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   There was a corial full of people, with a very old man, a medicine-man, in charge. They were about to search for some stone axes, but as they had a long, long way to go, their wives whom they were leaving at home had made a plentiful supply of cassava for them. In the boat they took also cassava-sticks, so that when they reached the spot where the axes were found, they might plant them, and after reaping obtain cassava for their home journey. It might be years before they would be able to see their wives and children again. Down the river they paddled, out into a sea which had blue water in it, and with so many submerged rocks that there was a great risk of the vessel being smashed to pieces if they went farther. The old man told the crew to shoot arrows into this blue water; where an arrow sank, there did danger lurk; where one floated, there the corial was enabled to pass. The sea was ultimately crossed in safety by this means. (Cf. Sect. 330.)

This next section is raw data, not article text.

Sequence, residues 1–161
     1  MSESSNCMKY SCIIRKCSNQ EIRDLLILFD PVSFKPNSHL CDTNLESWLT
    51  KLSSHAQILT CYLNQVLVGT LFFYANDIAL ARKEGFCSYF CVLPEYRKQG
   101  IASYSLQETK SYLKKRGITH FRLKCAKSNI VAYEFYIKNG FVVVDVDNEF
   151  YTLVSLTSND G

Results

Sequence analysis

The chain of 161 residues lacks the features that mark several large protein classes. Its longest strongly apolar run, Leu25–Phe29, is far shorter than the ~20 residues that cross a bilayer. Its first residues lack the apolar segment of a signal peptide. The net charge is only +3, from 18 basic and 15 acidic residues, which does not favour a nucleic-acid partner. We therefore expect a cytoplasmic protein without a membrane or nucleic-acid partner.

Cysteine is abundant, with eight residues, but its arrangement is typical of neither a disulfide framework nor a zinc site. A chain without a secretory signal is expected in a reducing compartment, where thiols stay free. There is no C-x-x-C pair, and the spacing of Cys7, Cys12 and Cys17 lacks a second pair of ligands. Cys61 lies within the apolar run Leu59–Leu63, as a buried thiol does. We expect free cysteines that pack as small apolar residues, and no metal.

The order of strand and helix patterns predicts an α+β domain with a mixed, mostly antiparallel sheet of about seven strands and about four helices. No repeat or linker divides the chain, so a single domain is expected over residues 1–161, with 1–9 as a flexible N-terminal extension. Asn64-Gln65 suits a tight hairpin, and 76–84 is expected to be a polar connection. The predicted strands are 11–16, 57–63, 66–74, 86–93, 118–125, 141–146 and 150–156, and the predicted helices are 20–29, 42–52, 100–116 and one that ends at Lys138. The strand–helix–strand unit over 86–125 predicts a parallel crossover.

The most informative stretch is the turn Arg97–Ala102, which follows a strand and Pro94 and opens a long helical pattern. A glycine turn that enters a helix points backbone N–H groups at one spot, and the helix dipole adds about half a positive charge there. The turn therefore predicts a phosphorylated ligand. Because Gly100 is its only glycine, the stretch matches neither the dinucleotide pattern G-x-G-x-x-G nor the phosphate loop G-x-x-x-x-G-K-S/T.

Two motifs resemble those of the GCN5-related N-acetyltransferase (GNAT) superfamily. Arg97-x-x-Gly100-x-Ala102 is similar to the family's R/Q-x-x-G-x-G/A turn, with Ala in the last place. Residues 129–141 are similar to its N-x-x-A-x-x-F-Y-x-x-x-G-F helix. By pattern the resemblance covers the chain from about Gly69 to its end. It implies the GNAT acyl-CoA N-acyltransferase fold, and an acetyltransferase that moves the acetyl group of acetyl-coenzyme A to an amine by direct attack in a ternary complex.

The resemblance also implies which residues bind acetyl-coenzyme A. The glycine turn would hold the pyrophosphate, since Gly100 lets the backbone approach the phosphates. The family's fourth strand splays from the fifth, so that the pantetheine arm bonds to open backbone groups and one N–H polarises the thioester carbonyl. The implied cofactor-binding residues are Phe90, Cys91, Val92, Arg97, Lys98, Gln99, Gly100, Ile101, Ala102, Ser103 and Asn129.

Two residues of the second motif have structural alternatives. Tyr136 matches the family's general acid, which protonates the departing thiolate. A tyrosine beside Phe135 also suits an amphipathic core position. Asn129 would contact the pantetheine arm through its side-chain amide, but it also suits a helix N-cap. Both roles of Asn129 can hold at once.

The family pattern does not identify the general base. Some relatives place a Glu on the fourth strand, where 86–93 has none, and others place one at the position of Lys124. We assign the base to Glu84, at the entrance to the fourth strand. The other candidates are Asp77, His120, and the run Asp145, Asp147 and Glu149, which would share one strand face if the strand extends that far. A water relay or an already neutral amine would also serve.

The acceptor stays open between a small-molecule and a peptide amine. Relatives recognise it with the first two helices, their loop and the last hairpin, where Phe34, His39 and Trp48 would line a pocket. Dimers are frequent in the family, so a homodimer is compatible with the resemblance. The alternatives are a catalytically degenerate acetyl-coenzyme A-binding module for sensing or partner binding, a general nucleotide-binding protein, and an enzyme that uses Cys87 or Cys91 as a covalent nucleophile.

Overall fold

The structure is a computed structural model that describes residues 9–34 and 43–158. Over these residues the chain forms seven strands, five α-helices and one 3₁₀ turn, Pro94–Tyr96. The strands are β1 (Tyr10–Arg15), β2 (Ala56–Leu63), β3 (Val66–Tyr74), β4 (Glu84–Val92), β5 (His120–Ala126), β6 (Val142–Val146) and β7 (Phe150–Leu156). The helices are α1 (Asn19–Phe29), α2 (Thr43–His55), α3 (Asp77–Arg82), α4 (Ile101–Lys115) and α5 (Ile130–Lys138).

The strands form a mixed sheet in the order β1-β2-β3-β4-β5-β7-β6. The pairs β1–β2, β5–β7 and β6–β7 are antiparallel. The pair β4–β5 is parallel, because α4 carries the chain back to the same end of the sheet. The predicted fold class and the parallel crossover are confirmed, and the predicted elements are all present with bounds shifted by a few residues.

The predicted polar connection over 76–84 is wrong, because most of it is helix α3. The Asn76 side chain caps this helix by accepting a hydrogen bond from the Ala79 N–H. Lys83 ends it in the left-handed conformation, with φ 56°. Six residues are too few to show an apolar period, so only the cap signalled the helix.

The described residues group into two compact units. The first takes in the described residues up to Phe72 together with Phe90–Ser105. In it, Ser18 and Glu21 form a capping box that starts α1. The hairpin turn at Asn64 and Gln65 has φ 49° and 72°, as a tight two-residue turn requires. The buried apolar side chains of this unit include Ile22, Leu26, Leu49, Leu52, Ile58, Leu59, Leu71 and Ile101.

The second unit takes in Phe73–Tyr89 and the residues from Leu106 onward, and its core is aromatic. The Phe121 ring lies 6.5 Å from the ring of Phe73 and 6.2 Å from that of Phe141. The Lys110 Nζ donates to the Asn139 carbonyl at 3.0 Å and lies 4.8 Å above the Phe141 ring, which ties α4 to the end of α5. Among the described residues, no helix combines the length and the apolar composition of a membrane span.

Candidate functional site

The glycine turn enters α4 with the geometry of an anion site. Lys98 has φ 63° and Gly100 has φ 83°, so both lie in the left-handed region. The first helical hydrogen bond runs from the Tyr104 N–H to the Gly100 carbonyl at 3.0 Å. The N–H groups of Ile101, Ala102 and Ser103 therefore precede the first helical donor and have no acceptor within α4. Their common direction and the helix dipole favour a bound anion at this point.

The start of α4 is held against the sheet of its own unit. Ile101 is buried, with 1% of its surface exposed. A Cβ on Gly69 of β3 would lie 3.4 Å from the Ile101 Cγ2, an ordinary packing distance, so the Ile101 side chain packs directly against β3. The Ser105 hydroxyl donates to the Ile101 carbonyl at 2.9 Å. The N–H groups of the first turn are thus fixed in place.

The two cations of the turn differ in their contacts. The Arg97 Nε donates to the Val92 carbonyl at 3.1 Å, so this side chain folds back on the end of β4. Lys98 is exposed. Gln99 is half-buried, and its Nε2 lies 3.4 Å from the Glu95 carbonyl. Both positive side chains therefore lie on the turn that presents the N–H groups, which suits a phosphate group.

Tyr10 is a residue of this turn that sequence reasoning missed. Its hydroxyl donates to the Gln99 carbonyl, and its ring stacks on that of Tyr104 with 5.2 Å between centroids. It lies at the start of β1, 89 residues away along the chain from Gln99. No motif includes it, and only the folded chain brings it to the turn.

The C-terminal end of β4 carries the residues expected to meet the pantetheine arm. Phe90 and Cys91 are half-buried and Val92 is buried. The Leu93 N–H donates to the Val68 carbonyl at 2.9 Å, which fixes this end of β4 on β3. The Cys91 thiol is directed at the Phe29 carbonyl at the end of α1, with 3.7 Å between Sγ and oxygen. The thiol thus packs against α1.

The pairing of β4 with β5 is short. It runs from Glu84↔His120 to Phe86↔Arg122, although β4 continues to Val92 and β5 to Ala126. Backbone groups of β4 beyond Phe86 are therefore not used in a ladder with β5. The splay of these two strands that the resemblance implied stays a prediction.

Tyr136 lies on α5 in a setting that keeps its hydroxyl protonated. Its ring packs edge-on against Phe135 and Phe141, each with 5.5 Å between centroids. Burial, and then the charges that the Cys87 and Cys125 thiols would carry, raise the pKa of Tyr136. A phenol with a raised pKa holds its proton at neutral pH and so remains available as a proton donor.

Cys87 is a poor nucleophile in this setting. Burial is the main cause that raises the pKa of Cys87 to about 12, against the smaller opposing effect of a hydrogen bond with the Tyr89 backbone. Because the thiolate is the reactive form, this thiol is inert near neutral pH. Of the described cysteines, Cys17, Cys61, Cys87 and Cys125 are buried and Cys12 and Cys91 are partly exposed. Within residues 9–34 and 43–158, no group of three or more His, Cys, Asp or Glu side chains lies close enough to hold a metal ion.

152.* They visited many nations. One day, as they were traveling along, the old man told them that they were approaching the Huri [Macrodon sp.] Fish Nation [Sect. 178] and that, when they reached the landing place, they would see large numbers fish lying in the sand, but they were neither to shoot them with their arrows nor chop them with their knives, because they were really men and women. What the old man said actually happened when they landed that night. But when all the others slept, one of the crew stealthily arose, and went down to the water-side to have another look at these fish. He drew his bow, shot one of the fish, roasted it without making any noise, ate it all by himself, and returned to his hammock without anyone else apparently being the wiser. Next morning at early dawn a large body of Indians came trooping down to the encampment, and asked for the head the boat's crew. The old man arose, and said he was the head of the crew. The Indians said, "One of our men is lost: we suppose some of your party have killed him." Turning to his crew, the old man made inquiry as to whether anyone had been killed while he had been sleeping, but of course received a negative reply. So the Indians took the old man with his whole party away out back to their own camp. Arrived there, they put water into a large pot over the fire. When boiled, they gave to each of the visitors, beginning with the old man, a calabashful of the hot water to drink, so as to make each one vomit. The individual who had killed and roasted the fish remained to the last: when he was called, he did not want go, so the Indians took him by force and compelled him to have a drink. And as soon as he had drunk, he vomited all the bits of the forbidden fish. They said, "You are the one that killed our brother." Whereupon they threw him into the boiling pot, in the presence of all his comrades. The old man and his crew were now free to resume their journey.